Uncle Barclay brought the hackney coach around and helped us in. “Goodbye!” Henrietta and I called, waving at everyone as we drove away.

“You’re being very quiet, Stephy,” Henrietta said while the coach started towards the road. “What’s wrong?”

I didn’t know what to say. How could people be kind and mean at the same time?

We didn’t stay in Louisville much longer. Ma said she needed to return to Pennsylvania soon; she still seemed downhearted because of Charlotte. Uncle Barclay drove us back to the Ohio River, where the Napoleon was waiting. “Take care. Have a safe journey back to Pittsburgh.” He handed us the luggage as we got on the boat.

“Goodbye,” I called.

“Farewell.” Uncle Barclay stood by the dock and waved as the boat steamed away from the waterfront, and we waved back. We were going home.

We returned in time for the Fourth of July. Every year, Ma told me about the day I was born:

“Pa had a big party behind our house for the Fourth of July when we still lived at the White Cottage, but I stayed inside with you. We were afraid the cannons booming in town would be too loud for you. You’d only just been born. Later, we learned that both Thomas Jefferson and John Adams had died the same day in our country’s jubilee year. Everyone told us to name you ‘Jefferson Adams,’ but I liked ‘Stephen Collins’ better. My close friend Mrs. Collins lost a boy by that name, and I thought it would help to remember him.”

July 4, 1833. I turned seven that day. Allegheny Town had an annual Fourth of July party in the square. They raised the flag, and Pa read part of the Declaration of Independence: “We hold these truths to be self-evident, that all men are created equal, that they are endowed by their Creator with certain unalienable Rights, that among these are Life, Liberty and the pursuit of Happiness…”

“It’s good to live in a country where people can be free, isn’t it?” Henrietta asked.

Lieve was with us. Did she think like Henrietta or like Uncle Joseph, that not everyone was as free as they should be? She came from Haiti, where the slaves revolted to be free. “Yes, Miss Henrietta, it is.”

After the reading, everyone sang “Hail, Columbia”:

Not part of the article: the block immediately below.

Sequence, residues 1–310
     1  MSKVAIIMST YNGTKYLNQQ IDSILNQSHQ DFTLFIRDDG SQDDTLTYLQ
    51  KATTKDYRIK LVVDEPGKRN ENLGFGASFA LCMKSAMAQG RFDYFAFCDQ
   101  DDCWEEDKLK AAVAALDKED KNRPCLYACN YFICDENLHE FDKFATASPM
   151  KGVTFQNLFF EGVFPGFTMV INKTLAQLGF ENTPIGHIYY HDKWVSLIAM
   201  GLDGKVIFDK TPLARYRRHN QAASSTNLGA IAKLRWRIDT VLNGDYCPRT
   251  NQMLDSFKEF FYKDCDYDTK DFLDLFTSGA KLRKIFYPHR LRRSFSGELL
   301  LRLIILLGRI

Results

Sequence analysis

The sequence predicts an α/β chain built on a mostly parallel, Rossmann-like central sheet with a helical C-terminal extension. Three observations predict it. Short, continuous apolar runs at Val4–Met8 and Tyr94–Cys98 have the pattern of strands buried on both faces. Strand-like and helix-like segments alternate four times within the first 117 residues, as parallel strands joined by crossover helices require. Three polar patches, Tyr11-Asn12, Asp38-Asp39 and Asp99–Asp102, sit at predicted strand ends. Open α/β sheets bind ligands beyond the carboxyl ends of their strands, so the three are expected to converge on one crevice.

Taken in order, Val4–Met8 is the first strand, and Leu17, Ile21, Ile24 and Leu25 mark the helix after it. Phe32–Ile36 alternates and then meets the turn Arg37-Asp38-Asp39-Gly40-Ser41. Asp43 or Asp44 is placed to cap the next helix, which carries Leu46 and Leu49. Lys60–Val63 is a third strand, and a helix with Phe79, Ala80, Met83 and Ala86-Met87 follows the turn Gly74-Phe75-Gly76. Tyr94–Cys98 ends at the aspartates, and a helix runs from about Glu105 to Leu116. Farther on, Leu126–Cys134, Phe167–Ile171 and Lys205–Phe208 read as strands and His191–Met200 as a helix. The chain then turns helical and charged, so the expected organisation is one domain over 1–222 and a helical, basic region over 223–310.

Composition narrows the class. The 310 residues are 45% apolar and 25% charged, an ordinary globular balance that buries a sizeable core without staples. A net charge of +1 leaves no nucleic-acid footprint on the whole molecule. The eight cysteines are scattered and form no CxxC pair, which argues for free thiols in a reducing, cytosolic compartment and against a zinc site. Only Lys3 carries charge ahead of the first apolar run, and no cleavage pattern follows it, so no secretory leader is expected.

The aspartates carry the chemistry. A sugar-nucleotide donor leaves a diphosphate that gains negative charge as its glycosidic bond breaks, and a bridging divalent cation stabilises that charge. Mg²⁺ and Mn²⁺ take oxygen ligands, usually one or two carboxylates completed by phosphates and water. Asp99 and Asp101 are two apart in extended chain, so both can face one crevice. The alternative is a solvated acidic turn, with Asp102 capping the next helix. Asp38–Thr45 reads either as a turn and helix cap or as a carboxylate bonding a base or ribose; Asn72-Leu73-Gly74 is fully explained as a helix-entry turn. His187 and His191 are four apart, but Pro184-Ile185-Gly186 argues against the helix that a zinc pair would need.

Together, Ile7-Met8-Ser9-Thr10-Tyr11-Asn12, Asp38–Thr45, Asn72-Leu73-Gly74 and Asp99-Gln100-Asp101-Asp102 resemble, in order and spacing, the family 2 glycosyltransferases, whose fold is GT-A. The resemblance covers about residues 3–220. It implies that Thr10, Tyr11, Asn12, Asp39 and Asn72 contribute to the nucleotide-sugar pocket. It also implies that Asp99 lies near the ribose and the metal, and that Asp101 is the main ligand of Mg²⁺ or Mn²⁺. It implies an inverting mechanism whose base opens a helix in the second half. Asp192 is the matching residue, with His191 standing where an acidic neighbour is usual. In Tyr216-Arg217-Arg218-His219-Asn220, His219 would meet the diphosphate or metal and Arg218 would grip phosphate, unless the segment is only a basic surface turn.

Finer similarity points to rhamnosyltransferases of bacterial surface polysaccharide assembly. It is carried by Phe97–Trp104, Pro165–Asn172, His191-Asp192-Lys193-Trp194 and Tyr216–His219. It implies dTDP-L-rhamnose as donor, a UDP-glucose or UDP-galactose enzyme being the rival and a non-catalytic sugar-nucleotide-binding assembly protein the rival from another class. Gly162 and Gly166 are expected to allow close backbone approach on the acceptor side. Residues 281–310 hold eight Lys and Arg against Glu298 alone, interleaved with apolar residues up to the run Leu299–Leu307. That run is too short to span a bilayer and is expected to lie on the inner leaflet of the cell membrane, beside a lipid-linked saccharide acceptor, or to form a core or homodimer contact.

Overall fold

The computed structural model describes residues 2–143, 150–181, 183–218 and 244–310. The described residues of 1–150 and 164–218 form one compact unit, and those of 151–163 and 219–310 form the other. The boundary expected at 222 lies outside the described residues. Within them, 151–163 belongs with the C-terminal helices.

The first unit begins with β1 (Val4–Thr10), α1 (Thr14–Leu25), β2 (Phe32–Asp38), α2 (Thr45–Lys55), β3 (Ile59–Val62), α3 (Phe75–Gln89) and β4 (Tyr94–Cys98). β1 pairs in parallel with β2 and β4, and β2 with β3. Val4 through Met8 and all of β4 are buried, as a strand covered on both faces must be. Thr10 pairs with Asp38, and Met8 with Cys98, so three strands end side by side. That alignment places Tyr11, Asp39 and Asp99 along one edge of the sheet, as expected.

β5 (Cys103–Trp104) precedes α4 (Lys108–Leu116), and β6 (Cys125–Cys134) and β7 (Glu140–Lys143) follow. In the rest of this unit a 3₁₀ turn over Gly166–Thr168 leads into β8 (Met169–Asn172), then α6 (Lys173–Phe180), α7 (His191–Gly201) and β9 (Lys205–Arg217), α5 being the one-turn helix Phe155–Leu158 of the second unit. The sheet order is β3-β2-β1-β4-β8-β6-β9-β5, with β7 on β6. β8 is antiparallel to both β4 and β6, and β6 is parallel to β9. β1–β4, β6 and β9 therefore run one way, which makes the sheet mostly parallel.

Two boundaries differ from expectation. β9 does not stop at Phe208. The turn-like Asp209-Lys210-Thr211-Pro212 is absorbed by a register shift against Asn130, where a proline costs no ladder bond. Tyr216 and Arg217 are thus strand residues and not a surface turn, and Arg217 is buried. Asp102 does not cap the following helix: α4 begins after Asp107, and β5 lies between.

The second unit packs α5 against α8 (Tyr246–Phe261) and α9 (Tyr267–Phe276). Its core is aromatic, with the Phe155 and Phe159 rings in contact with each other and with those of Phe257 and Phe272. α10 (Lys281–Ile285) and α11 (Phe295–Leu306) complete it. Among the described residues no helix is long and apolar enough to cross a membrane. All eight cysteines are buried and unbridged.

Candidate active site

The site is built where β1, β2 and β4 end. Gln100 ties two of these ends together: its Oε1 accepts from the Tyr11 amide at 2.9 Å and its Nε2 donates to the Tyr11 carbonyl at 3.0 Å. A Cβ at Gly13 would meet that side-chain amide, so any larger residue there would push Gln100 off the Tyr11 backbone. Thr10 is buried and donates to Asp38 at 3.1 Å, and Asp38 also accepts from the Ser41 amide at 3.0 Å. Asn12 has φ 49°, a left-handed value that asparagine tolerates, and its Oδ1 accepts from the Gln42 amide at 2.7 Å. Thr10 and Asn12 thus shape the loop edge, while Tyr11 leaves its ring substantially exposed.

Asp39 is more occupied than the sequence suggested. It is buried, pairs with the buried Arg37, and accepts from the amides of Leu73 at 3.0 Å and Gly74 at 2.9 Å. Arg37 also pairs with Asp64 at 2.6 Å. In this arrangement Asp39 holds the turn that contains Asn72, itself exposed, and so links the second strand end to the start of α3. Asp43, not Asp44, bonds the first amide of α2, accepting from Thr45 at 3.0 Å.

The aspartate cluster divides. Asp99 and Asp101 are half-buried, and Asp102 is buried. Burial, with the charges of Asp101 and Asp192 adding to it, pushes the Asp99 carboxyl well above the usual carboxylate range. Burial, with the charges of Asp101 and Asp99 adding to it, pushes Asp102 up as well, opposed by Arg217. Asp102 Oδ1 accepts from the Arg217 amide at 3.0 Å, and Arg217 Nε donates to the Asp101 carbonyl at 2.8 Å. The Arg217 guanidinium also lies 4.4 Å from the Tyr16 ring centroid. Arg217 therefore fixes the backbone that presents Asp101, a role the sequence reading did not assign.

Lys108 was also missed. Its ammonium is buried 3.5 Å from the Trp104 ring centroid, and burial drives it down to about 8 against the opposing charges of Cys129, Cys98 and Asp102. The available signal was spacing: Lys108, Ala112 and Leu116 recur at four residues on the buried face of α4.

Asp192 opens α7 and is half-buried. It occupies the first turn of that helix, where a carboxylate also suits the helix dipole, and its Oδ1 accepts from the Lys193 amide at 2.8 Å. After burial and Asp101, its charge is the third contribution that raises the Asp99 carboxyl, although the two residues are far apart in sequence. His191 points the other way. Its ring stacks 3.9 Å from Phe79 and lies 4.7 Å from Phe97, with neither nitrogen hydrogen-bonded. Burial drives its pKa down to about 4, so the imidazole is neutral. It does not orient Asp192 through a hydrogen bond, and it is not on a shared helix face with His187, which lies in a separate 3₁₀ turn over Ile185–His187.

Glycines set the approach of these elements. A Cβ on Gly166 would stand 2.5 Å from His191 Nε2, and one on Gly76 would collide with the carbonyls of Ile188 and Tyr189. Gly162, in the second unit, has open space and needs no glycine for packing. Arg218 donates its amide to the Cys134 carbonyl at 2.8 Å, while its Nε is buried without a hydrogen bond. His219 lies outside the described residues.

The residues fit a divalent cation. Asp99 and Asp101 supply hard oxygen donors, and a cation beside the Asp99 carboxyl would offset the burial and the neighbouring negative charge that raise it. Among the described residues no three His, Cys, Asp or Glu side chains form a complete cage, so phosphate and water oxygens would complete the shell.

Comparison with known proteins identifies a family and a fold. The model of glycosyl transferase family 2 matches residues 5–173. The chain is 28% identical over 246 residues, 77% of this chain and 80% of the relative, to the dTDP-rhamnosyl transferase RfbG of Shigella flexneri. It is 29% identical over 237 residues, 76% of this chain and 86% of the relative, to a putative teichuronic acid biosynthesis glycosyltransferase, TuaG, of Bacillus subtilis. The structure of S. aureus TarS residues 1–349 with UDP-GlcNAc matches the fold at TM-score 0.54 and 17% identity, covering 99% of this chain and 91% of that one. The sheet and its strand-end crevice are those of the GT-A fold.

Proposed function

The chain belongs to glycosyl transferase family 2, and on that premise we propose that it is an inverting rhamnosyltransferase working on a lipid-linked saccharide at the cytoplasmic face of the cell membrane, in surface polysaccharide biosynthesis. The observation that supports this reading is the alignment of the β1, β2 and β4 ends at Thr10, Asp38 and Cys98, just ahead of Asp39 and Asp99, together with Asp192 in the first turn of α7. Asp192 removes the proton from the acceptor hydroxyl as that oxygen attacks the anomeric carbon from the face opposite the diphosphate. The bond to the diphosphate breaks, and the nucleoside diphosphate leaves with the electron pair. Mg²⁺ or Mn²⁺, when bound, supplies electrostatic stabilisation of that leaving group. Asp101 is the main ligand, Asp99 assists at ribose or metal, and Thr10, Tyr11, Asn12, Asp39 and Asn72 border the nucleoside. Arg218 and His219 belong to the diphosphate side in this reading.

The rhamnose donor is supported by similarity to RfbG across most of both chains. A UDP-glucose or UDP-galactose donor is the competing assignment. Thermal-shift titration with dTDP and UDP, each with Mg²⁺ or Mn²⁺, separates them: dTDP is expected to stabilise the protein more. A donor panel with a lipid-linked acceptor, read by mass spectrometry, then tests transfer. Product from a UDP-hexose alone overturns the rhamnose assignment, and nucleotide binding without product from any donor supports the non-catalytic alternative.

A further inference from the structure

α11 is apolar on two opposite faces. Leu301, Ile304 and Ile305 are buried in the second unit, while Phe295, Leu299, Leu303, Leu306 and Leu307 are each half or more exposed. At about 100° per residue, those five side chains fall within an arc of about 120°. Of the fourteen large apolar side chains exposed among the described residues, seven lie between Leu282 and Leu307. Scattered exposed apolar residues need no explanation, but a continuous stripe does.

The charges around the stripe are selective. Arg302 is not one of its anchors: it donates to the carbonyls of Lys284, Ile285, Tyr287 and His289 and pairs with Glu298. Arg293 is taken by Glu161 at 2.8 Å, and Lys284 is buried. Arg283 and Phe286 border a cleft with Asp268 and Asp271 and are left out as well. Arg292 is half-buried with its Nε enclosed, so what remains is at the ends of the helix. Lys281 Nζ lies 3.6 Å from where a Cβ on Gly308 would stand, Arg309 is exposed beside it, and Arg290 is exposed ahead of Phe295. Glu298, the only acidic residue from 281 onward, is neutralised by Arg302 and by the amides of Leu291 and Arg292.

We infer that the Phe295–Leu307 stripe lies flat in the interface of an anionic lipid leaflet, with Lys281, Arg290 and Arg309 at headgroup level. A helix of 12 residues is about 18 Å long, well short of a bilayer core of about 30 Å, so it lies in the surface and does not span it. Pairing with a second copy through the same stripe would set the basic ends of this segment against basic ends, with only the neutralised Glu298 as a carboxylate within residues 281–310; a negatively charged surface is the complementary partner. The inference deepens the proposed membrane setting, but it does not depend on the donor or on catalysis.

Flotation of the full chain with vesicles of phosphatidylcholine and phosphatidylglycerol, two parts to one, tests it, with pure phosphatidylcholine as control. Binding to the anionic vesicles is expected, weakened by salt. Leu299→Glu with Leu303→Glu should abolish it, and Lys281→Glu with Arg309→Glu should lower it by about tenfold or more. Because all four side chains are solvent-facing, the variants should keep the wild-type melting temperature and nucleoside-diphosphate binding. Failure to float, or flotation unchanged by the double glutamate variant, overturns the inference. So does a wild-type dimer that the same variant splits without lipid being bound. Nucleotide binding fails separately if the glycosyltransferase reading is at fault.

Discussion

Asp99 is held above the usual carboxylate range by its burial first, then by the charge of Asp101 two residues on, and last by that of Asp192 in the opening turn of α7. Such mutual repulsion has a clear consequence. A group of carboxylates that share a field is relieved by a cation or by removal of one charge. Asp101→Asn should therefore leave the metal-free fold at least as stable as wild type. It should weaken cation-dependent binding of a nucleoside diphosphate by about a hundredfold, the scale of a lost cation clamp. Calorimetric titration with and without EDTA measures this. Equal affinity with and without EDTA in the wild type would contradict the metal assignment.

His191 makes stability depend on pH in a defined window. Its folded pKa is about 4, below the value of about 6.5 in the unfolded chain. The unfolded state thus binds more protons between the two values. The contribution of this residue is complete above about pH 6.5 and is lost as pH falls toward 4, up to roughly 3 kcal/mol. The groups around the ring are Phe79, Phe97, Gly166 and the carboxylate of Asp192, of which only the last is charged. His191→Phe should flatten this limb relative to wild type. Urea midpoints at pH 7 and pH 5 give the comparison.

Hail! Columbia happy land

hail! ye Heroes, heav’n born band

Who fought and bled in freedom’s cause

who fought and bled in freedom’s cause

and when the storm of war was gone

enjoy’d the peace your valor won.

I put a feather in my hat and played along on my drum. Everyone clapped when the song was over.

A couple of boys came up to our older brothers, Dunning and Henry, and said, “We found some fireworks. Let’s shoot them off!” Dunning and Henry exchanged glances with a mischievous sparkle in their eyes.

“That sounds like fun!” Henry said as he and Dunning ran after them.

“Mr. Dunning, Mr. Henry, wait until your pa finds out,” Lieve said, but they were laughing and soon out of sight.

“Why can’t we go?” Morrison asked. The big boys got all the fun.

“It’s dangerous, that’s why. People could get killed.”

Paper rockets and loud cannon-like booms started shooting from the alleys. Pa looked around and realized who was missing. He was only gone for a few minutes before he returned, shouting and dragging Henry and Dunning back by their ears. I was glad Morrison and I hadn’t gone.

Pittsburgh shot off spectacular fireworks that night, and they lit up over the Allegheny River, flashes of color, red and blue in the dark. Everyone sat out in the square to watch. There was no better day or place to be born.

Prologue and Chapter One

Prologue

Dear Friends and Gentle Hearts—January 9, 1864